Kim Cattrall Drama ‘Filthy Rich’ on Fox Shines Light on Divided Nation

Fox's 'Filthy Rich'
(Image credit: Alan Markfield/Fox)

Filthy Rich begins on Fox Sept. 21. Kim Cattrall stars in this drama about a couple that runs a very successful Christian network. Abe Sylvia is the showrunner. 

Cattrall and Gerald McRaney play the couple. He goes down in a plane crash and it is revealed that he has three grown children outside of his marriage. The children meet Cattrall’s Margaret Monreaux at her New Orleans base and want their financial settlements. 

“What attracted me to this role was that she is a woman who is determined in all facets of her life. She knows what she wants and usually gets it,” said Cattrall, who of course played Samantha Jones on Sex and the City. “This role is very much in line with the other strong, female characters I’ve portrayed on screen.”

Tate Taylor created the show. His film credits include directing The Help and Ava

“I was looking to do something that would shine a light on how divided we are as a country right now,” he told B+C earlier this year, “dealing with race and sexuality and religion. It just kinda popped into my mind.”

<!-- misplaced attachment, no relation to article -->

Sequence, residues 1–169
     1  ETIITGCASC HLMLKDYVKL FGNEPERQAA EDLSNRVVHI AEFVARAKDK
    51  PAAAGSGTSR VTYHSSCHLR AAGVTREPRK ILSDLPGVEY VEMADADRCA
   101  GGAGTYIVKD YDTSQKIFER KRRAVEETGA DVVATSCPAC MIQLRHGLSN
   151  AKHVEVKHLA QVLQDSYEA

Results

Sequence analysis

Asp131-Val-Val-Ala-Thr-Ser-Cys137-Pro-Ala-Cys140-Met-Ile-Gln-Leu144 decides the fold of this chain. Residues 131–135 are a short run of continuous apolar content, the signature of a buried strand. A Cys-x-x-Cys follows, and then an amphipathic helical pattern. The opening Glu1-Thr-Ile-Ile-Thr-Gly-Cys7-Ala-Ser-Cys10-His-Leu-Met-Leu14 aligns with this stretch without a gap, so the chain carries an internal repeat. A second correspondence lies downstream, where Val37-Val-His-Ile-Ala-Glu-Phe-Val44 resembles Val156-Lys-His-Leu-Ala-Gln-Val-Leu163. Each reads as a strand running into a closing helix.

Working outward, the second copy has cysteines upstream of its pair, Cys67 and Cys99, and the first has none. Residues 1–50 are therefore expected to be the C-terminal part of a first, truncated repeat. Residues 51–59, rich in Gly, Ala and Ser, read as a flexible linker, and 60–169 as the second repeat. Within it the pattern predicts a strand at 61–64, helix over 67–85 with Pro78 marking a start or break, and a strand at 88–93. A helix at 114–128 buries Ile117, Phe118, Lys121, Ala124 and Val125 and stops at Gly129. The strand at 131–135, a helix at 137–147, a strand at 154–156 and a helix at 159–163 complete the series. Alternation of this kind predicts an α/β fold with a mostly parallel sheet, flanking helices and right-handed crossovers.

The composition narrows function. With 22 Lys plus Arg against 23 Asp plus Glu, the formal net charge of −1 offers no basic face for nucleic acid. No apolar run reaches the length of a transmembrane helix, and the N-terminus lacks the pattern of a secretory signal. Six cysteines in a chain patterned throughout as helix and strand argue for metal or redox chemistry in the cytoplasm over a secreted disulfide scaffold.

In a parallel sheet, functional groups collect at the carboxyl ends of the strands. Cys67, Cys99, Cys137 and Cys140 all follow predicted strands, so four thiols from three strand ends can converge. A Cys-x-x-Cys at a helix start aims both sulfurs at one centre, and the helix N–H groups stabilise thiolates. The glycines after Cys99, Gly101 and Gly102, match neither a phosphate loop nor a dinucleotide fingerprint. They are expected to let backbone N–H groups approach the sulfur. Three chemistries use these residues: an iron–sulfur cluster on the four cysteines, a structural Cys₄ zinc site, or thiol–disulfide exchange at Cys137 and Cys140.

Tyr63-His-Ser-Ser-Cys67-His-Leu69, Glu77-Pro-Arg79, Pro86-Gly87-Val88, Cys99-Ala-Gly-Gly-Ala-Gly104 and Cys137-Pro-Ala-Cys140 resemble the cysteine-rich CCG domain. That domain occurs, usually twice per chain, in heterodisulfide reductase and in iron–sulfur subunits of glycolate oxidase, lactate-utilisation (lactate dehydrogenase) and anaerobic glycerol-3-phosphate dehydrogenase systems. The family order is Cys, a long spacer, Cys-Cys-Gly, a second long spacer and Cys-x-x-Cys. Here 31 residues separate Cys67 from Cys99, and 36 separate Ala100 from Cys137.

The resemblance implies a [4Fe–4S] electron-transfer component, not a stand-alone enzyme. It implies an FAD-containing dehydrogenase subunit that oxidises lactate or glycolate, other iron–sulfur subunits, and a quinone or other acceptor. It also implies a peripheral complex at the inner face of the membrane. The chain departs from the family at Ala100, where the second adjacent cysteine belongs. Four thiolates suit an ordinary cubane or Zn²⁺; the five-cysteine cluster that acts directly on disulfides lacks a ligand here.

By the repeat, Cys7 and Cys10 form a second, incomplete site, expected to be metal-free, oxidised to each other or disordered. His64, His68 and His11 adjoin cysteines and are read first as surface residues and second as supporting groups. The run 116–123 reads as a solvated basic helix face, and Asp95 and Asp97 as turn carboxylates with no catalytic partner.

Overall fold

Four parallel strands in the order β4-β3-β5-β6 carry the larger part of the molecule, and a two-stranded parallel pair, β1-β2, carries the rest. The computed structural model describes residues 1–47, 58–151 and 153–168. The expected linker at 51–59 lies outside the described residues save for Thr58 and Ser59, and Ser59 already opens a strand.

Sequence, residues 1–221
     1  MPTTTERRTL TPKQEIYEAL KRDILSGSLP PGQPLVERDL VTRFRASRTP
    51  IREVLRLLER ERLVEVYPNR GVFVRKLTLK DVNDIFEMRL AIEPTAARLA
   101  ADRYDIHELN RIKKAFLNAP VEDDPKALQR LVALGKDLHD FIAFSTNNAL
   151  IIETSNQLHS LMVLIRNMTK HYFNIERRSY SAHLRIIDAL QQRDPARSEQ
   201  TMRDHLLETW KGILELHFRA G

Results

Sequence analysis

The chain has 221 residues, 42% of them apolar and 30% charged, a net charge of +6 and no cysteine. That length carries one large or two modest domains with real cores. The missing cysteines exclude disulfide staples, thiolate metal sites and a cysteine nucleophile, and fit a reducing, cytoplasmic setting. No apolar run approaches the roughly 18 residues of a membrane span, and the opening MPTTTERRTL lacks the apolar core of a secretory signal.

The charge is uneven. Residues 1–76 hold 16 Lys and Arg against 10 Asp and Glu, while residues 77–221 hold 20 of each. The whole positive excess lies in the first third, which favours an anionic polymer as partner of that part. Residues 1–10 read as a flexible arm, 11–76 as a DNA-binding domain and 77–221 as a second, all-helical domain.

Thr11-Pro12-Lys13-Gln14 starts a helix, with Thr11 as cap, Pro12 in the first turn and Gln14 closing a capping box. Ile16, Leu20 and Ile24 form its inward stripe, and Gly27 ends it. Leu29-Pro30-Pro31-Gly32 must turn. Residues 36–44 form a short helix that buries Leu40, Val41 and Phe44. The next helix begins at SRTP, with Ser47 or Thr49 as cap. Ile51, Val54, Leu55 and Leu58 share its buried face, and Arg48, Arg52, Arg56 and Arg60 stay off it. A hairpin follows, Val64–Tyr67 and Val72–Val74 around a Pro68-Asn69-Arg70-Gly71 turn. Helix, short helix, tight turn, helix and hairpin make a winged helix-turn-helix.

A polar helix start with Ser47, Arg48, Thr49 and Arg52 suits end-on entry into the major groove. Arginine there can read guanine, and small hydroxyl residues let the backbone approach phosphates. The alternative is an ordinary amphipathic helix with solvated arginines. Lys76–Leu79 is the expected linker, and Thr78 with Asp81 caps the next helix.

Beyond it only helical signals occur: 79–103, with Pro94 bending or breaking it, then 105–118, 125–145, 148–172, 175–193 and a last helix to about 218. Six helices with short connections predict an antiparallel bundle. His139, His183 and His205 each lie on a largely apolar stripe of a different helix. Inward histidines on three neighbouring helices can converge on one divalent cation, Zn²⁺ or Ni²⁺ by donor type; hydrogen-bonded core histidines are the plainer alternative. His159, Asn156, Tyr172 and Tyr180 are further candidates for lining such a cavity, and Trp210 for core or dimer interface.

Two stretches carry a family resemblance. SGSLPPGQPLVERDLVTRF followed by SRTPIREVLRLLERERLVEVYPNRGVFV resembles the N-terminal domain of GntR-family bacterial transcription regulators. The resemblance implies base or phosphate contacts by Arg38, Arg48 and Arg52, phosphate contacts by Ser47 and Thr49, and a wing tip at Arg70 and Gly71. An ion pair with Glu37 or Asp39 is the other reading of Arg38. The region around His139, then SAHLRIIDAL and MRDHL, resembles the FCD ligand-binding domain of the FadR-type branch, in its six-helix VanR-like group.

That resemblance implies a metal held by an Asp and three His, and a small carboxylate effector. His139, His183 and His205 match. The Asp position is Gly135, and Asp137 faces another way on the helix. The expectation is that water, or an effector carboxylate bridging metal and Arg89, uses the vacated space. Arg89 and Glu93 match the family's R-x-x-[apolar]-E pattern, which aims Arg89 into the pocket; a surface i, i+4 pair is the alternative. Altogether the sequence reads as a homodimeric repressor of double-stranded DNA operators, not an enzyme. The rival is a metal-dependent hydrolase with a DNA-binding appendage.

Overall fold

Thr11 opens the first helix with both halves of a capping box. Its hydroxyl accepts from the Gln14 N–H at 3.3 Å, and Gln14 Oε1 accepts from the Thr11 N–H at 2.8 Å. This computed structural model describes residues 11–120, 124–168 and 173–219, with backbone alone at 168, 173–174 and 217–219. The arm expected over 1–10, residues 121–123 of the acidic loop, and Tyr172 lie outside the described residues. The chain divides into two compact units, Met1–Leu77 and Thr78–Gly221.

A producer on the show, Cattrall had never done a broadcast series before, but said the scripts for Filthy Rich “ticked a lot of boxes.”

“I would learn a lot,” she told B+C earlier this year. “I would get to play a character I’d never seen before, who had strength and vulnerability and also has a religious base and is head of this very separated family like we are as a nation.”

Taylor hopes the show helps bring this fragmented nation together. “Each day our nation is more and more divided,” he said. “This shines a mirror on that in a really, really fun and provocative way. It pushes the limits. Our hope is that it creates conversation.”

“And entertainment,” added Cattrall. 

Michael Malone

Michael Malone, senior content producer at B+C/Multichannel News, covers network programming, including entertainment, news and sports on broadcast, cable and streaming; and local broadcast television. He hosts the podcasts Busted Pilot, about what’s new in television, and Series Business, a chat with the creator of a new program, and writes the column “The Watchman.” He joined B+C in 2005. His journalism has also appeared in The New York Times, The Philadelphia Inquirer, Playboy and New York magazine.